The Call from Schuylkill Haven, Pennsylvania on February 17, 1911 · 1
Get access to this page with a Free Trial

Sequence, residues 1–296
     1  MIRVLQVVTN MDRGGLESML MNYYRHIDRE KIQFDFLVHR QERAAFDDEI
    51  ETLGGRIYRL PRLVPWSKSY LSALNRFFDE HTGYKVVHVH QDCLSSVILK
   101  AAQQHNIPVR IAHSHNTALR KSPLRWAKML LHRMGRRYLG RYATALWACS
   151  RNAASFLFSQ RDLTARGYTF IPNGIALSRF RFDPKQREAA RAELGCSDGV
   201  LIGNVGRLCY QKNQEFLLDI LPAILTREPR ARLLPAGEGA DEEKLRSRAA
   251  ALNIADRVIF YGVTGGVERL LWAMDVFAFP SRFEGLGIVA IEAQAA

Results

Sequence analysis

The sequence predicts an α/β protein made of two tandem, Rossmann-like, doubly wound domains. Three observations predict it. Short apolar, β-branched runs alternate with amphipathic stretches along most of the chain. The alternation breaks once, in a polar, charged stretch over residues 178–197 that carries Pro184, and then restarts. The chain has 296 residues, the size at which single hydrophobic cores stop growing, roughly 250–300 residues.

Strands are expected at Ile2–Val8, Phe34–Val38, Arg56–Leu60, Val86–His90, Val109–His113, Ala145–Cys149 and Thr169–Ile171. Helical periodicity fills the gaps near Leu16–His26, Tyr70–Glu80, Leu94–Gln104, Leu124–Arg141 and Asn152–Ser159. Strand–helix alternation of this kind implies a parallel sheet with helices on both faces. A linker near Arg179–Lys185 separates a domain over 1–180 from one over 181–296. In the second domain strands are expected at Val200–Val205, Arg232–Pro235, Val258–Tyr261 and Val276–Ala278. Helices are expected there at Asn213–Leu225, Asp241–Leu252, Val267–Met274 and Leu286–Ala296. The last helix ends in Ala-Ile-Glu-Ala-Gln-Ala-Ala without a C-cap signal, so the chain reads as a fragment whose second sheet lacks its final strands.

The Call from Schuylkill Haven, Pennsylvania · 1

Schuylkill Haven, Pennsylvania
Issue Date:
Friday, February 17, 1911
Start Free Trial